Read & Write app for Google Docs

Are you aware of Read & Write app for Google Docs?

First off it has been confusing to me to consider the Read & Write extension available in Google Chrome as an app. Apps have a wider connotation than I thought. Doing a little research on the definition of apps or mobile apps helped clarify how and what an “app” was and why the Read & Write for Google was an app…

“Also called mobile apps, it is a term used to describe Internet applications that run on smartphones and other mobile devices. Mobile applications usually help users by connecting them to Internet services more commonly accessed on desktop or notebook computers, or help them by making it easier to use the Internet on their portable devices. A mobile app may be a mobile Web site bookmarking utility, a mobile-based instant messaging client, Gmail for mobile, and many other applications.” (Retrieved Nov. 23, 2012 from http://www.webopedia.com/TERM/M/mobile_application.html) .

So,  Read & Write extension for Google Chrome is also considered an app!

So what’s the big deal about Read & Write app for Google Chrome? If you are a Google school and students with learning disabilities are using Google docs, or if your school is rolling out Chromebooks you will want to know about this free “app” that can help support struggling readers and writers.

Read & Write app is a free extension available from the Google Chrome Web Store when using Google Chrome as a web browser. The web app provides some of the basic features of the desktop Read & Write software created by TextHelp and can only be used within Google Chrome.  Features available in the Read & Write Google web app include:

  • Text To Speech with Dual Synchronized Highlighting
  • Talking Dictionary
  • Picture Dictionary
  • Vocabulary Tool
  • Study Skills tools to capture Google highlights

Word prediction is not yet available in the Read & Write Google Docs app.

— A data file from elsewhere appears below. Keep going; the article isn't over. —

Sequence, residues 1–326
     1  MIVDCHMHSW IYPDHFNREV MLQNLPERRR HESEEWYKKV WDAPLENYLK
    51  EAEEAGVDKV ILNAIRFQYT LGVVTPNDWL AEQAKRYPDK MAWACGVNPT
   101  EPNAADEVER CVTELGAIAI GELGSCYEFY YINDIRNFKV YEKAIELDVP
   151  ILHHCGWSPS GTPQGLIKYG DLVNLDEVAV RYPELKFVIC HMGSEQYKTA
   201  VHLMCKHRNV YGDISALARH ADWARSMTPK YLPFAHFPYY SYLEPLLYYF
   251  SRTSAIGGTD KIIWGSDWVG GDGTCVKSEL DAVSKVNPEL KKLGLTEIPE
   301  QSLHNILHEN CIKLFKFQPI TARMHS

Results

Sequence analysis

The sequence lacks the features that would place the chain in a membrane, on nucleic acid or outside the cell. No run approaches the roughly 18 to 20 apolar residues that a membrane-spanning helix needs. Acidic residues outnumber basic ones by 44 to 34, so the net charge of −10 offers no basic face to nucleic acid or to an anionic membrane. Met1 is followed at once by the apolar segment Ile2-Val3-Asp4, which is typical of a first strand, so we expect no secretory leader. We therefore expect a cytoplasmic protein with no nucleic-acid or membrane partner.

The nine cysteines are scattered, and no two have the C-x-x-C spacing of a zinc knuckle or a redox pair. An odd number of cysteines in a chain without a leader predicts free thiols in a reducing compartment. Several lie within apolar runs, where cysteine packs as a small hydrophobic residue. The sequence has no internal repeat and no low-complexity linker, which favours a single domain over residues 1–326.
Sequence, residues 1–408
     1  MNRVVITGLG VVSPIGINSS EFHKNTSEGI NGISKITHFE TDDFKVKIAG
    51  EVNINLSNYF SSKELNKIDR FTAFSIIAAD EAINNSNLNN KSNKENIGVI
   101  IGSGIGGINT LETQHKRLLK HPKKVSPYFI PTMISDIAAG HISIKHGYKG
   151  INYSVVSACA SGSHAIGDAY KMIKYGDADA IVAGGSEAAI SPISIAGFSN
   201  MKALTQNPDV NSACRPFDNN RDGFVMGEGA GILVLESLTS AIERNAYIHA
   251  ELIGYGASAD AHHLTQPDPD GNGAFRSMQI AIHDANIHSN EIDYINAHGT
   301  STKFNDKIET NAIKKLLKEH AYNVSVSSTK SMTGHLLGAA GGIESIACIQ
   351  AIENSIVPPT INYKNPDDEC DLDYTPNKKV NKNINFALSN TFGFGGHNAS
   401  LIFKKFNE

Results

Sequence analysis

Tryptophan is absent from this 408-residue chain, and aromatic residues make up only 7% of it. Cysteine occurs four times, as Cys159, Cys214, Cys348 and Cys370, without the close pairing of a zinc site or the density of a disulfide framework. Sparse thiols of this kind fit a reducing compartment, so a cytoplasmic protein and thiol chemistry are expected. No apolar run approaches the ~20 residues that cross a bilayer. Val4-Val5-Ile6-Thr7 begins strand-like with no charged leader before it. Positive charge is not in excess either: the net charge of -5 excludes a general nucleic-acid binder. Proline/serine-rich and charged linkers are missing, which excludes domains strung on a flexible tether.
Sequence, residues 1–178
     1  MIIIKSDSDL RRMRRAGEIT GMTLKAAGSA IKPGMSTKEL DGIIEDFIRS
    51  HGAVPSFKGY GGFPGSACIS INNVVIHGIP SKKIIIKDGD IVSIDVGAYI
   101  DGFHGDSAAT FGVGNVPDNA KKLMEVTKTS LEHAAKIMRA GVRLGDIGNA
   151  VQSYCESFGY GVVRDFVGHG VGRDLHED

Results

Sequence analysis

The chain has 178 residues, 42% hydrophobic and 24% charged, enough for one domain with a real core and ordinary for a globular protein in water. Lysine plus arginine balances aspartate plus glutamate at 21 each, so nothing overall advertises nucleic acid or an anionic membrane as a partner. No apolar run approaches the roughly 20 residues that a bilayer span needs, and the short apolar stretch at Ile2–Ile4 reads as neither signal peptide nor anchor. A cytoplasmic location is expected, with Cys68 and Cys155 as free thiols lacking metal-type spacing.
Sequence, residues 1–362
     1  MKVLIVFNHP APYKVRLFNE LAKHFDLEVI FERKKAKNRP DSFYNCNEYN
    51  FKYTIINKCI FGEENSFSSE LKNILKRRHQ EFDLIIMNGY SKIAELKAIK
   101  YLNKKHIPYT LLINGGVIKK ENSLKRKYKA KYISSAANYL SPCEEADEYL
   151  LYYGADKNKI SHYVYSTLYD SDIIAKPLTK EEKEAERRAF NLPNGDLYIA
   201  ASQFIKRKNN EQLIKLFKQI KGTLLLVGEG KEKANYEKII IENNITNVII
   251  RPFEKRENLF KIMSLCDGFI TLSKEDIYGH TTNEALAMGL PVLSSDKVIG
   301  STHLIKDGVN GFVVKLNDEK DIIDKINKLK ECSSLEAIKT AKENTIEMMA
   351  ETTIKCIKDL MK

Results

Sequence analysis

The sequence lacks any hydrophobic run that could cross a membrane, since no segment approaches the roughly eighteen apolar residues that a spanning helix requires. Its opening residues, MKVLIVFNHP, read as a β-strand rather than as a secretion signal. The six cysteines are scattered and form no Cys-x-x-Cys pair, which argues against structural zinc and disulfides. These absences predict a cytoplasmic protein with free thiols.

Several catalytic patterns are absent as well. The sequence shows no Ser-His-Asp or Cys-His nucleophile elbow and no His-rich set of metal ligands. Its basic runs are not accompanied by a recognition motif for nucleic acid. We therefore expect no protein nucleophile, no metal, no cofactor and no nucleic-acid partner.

Here are some screen shots of Read & Write for Google Docs to help you understand how this extension or app works:

Selecting text allows text to speech with dual highlighting.

Picture and regular dictionary available. Text to speech allows the dictionary text be read aloud.

Highlighting tools are available and can be extracted and copied to another document.

Basic tools for text to speech are available.

(Images retrieved on November 23, 2012 from -https://chrome.google.com/webstore/detail/readwrite-for-google-docs/inoeonmfapjbbkmdafoankkfajkcphgd#detail/readwrite-for-google-docs/inoeonmfapjbbkmdafoankkfajkcphgd )

A video clip provides a better explanation about the app:

To trial Read & Write for Google Docs, download Google Chrome browser to your desktop computer. Log into your Google Drive account and search in the Google Chrome Store for Texthelp, Read & Write or text to speech. Add Read & Write app as an option to your Google Drive app. The Read & Write tool bar  will be available in Google Docs. The tool bar collapses and expands by tapping the tab as shown in the above images of the app in Google docs.

A great support for students using Google Chrome and Google Docs in or out of school. Texthelp has developed a web-based app for use on the iPad with a current version of Read & Write and a paid maintenance plan. Visit the Texthelp website for more information on the web apps or trial the mobile device version of Read & Write version 10.

While attending Closing the Gap conference in October 2012, I was able to listen to the developer of Read & Write. More plans for expanding the features of the Google app including word prediction are projected for next year. Whether it remains free is a question! As a Google school, I find this a great support as we venture into new territory that was known to not be accessibility friendly!

It is an interesting time with many shifts (it seems like seismic shifts!) and changes with operating systems, web-based tools, a variety of mobile devices and apps seemingly occurring daily. Trying to keep up with supports for access methods for individuals with disabilities is definitely a challenge!

Is this app in your OT mobile Tool Kit or does it need to be if you have clients or students who are Google users?

More to come on Google apps that support individuals with disabilities!

Carol

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About Carol Leynse Harpold, MS, AdEd, OTR/L, ATP

OTR/L with 30 years experience in pediatrics, school based therapy and adult rehabilitation. Masters of Science in Adaptive Education/Assistive Technology with 15 years experience in AT in education of elementary, middle school, secondary and post secondary students. Experience with adults with disabilities in employment and work transition.
This entry was posted in Accessibility, Adults with LD, App Reviews, Apps for OT's, Apps for Special Needs, Google Docs, Learning Disability, Occupational Therapy, Post secondary, Text to Speech and tagged , , , , , . Bookmark the permalink.

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